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Less Than Five Percent of African Population Fully Vaccinated Against COVID – UNICEF



FG to Punish Nigerians Who Refuse COVID-19 Vaccination | Daily Report Nigeria
The United Nations Children’s Fund (UNICEF) has disclosed that less than five percent of Africans has been fully vaccinated against the COVID-19 virus.

UNICEF, in a statement on Wednesday, expressed worry over vaccine inequity between high and low-income countries, particularly in Africa.

Henrietta Fore, UNICEF executive director said: “Vaccine inequity is not just holding the poorest countries back – it is holding the world back,”

Also Read: Nigeria Needs Improved Infrastructure To Accommodate Malaria Vaccine; UNICEF

“As leaders meet to set priorities for the next phase of the COVID-19 response, it is vital they remember that, in the COVID vaccine race, we either win together, or we lose together.


“Wealthy countries with more supplies than they need have generously pledged to donate these doses too low- and middle-income countries via COVAX but these promised doses are moving too slowly. Of the 1.3 billion additional doses countries have pledged to donate, only 194 million doses have been provided to COVAX.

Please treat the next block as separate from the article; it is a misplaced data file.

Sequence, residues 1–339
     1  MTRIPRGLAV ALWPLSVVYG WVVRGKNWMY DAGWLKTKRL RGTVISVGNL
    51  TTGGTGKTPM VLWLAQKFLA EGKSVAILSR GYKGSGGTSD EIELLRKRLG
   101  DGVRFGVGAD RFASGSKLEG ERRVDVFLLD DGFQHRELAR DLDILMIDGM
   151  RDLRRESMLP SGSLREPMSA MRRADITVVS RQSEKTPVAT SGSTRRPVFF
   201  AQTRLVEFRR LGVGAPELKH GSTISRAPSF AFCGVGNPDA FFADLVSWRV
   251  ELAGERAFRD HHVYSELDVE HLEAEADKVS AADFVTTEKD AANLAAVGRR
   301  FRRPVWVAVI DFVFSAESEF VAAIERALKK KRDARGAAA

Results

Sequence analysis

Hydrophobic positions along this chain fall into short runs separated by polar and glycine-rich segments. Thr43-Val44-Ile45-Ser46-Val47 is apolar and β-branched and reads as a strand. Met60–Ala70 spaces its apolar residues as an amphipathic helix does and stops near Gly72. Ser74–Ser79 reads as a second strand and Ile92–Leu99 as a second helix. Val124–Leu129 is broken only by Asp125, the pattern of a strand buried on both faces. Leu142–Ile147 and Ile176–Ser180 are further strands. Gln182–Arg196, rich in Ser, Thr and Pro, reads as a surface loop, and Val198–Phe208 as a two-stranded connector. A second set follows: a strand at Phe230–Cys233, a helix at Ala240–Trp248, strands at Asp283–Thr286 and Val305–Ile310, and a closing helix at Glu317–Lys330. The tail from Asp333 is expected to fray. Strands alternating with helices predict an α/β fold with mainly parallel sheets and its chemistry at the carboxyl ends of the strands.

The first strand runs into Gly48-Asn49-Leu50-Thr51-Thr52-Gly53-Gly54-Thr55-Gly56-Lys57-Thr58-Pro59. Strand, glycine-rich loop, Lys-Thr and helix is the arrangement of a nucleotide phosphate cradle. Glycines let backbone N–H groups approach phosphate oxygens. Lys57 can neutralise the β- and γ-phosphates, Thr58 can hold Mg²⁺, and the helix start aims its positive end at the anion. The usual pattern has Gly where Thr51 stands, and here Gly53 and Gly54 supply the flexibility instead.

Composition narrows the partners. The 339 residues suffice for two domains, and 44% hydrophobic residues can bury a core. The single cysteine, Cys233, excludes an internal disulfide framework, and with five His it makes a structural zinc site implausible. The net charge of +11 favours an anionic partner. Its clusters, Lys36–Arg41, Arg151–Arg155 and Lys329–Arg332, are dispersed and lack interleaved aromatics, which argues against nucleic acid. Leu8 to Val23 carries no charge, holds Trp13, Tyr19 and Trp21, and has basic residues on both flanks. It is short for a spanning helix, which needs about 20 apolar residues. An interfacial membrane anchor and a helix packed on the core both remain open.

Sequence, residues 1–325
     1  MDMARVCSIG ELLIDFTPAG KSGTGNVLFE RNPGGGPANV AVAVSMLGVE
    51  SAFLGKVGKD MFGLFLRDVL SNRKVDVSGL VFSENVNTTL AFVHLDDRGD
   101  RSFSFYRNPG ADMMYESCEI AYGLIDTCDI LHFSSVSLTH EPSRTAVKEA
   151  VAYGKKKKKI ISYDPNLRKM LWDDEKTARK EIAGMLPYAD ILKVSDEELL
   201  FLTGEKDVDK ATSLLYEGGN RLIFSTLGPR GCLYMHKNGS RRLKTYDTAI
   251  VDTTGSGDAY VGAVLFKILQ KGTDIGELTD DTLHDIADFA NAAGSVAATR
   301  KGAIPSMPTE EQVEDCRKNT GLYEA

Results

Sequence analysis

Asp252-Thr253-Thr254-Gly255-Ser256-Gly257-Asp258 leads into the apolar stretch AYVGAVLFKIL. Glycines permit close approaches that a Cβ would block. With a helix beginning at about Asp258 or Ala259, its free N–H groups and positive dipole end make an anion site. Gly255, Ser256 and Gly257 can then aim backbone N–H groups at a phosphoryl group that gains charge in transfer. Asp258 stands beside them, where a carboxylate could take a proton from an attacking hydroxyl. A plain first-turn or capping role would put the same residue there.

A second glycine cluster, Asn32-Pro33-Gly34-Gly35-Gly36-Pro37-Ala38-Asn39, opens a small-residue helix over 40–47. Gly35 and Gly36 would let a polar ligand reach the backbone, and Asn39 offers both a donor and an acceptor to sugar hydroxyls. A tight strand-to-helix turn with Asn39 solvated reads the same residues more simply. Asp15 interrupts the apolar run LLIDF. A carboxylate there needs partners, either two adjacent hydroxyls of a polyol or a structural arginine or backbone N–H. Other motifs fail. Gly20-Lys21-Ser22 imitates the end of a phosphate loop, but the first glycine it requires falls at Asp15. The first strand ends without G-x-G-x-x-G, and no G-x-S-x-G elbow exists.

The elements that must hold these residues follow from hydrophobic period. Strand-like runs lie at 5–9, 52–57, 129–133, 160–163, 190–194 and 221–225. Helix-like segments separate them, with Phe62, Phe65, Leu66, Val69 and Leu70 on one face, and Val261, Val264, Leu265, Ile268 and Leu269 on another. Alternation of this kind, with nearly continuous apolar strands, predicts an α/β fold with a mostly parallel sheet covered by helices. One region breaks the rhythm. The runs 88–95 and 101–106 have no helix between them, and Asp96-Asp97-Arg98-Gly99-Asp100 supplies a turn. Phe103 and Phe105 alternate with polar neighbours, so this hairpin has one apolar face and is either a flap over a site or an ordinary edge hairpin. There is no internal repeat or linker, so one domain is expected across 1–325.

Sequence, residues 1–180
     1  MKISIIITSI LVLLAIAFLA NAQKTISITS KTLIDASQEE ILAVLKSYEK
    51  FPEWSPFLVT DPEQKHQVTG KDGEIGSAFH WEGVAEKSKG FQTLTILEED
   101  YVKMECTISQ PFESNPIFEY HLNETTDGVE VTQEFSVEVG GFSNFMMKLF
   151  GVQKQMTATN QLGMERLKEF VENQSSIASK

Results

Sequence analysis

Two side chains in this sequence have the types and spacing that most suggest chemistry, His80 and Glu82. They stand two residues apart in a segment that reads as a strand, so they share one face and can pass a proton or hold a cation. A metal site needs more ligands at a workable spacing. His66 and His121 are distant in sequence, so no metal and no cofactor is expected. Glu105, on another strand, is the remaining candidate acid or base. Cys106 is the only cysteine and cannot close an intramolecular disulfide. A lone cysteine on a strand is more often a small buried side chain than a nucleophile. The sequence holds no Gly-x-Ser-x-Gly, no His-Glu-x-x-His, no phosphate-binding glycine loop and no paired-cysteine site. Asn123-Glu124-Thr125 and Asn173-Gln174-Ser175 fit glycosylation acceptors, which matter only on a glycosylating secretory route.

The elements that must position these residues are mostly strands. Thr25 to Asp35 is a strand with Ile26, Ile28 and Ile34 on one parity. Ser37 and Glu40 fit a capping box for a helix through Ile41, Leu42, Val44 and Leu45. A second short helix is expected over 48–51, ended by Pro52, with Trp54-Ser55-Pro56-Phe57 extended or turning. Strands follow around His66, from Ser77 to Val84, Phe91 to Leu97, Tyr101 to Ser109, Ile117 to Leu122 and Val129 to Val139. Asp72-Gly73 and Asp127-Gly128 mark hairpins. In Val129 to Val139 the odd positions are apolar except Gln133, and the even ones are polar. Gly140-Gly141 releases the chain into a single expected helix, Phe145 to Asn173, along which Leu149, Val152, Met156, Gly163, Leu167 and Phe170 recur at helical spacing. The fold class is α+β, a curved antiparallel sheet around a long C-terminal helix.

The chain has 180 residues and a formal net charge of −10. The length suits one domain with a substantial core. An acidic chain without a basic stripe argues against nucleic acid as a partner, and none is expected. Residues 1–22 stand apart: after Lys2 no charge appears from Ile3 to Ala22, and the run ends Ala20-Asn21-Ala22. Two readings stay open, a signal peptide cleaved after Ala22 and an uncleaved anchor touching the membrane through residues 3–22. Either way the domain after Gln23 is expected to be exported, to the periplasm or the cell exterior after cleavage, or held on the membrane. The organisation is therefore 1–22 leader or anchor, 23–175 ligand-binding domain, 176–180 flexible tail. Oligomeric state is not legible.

“African countries in particular have largely been left without access to COVID-19 vaccines. Less than 5 per cent of the African population are fully vaccinated, leaving many countries at high risk of further outbreaks.

“As leaders prepare to meet for the G20 Summit in Rome this weekend, 48 UNICEF Africa ambassadors and supporters from across the continent have united in an open letter. They are calling for leaders to honour their promises to urgently deliver doses, writing that “the stakes could not be higher”.

“Every day Africa remains unprotected, pressure builds on fragile health systems where there can be one midwife for hundreds of mothers and babies.


Also Read: One in Six Nigerian Youths Developed Mental Health Conditions Over COVID Restrictions; UNICEF

“As the pandemic causes a spike in child malnutrition, resources are diverted from life-saving health services and childhood immunisation. Children already orphaned risk losing grandparents.

“Disaster looms for sub-Saharan African families, four out of five of whom rely on the informal sector for their daily bread. Poverty threatens children’s return to school, protection from violence and child marriage.”

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